Academic Plan Discussed At Public Forum
By Elizabeth Omara-Otunnu
The merits of basic research; class size; and resource allocation strategies were among the issues on the minds of faculty and staff during a discussion February 19 of the first draft pages of a new Academic Plan that will help shape the future of the University.
Seven members of the Academic Plan Task Force fielded questions and comments from an audience of about 40 faculty and staff during the public forum, which was held in the North Reading Room of the Wilbur Cross Building.
The task force was established by the Chancellor last fall to assist the administration in making strategic decisions and focusing resources, with a further charge to improve the coordination of 21st Century UConn with the University's academic programs. The 21st Century UConn program, a continuation of the infrastructure renewal begun through UConn 2000, will begin in 2005.
The discussion centered on four documents: Areas of Emphasis; Resource Allocation and the Chancellor's Competition; Operating Principles for the Sub-Committee on Facilities and Physical Plan; and 21st Century UConn Prioritization Recommendations. All are available on the web.
Richard Brown, director of the Humanities Institute and co-chair of the task force, said draft documents on faculty excellence, student excellence, and implementation are still in preparation.
Three members of the Physics Department expressed concerns about what they saw as an overemphasis on external funding, and a focus on applied science at the expense of basic research.
Quentin Kessel, a professor of physics, said that "a university is unique in its obligation to carry on long-term research as opposed to short-term research." He said that without this long-term emphasis in the past, many of the amenities enjoyed today - such as lasers - would not have been invented.
Barrett Wells, an assistant professor of physics, said technology is an unreliable guide for planning. "You can't predict what technology will come in the future," he said. "There is reason for science on its own merits. A basic understanding of the world we live in is a worthwhile endeavor in and of itself."
Winthrop Smith, a professor of physics, said the plan under-emphasizes the educational value of basic science to students. "They have to be taught to be critical," he said. "They need to know enough basic sciences to distinguish the charlatans from the good stuff."
Smith added that the drive for external funding described in the plan need not result in a de-emphasis on basic research. "The funding available in a broad range of basic sciences is larger than you might suppose," he said.
Brown said the task force would try to address the issue of basic science in more depth.
In a discussion of the Areas of Emphasis document, which identifies six broad areas of concentration to encourage the University's constituent units to focus their efforts and to foster multidisciplinar y collaborations, several faculty questioned the appropriateness of the six proposed categories. Some suggested that a more traditional classification might be more workable.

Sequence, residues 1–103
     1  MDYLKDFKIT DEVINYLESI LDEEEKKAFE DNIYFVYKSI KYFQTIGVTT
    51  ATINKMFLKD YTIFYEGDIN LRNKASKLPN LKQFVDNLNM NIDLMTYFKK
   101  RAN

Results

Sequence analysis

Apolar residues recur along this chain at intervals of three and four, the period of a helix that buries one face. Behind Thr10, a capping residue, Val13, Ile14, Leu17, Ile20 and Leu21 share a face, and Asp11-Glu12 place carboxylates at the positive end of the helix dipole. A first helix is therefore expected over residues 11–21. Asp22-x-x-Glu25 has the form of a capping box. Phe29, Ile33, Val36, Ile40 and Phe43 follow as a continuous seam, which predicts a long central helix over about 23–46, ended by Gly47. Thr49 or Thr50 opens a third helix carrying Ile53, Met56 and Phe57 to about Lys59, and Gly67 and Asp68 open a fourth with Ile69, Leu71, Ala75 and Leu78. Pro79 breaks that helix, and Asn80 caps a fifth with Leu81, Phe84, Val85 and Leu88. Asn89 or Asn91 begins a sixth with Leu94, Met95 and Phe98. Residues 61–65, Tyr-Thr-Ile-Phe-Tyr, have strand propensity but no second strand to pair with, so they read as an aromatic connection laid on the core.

The categories now are: arts, culture, and society from a local to global perspective; environmental sustainability; health and human service systems; life sciences; technology innovations and applications; and undergraduate enrichment.
Veronica Makowsky, associate dean of liberal sciences and a member of the task force, commented that the intent was to emphasize broad categories and interdisciplinary study.
She said using a traditional taxonomy would make UConn "just like every other university." If the intent is to identify areas of emphasis, she continued, then choices must be made.
Brown explained that the task force sought to create categories "that would permit a wide array of faculty and programs to find a home within one or more of the categories." He said the areas of emphasis must accommodate the existing physical plant and people at the University.
Albert Fairbanks, an associate professor of English, said that in the past few years class sizes have been increasing, yet many of the issues identified as significant in the plan - such as globalization, multicultural perspectives, and human rights - don't lend themselves well to lectures. "There must be opportunities for discussion in class," he said.
He said there may be greater pressure to teach large classes as more large classrooms become available, and requested that this situation be addressed in the plan.
Karla Fox, associate vice chancellor and co-chair of the task force, said the group would recommend drawing up a classroom plan and monitoring class size.
A proposal to distribute some academic resources through a new approach termed "the Chancellor's Competition" was also discussed.
The competition would be funded by holding back up to one percent of the academic operating budget. The grants would be in the $50,000 to $500,000 range, to be spent over two years or more.
Brown explained that the process of allocating resources through the Chancellor's Competition, a biennial competition, would involve significant assessment by external scholars.
Bill Kraemer, a professor of kinesiology and a task force member, said the program is intended to boost UConn's ability to compete with some of "the major players" in the research field. It is not intended to supplant the activities of the Research Foundation.
The task force hopes to have a complete draft of the plan available for discussion by the beginning of May, and an interim draft to present to the Board of Trustees in the summer. The plan is expected to be finalized in the fall.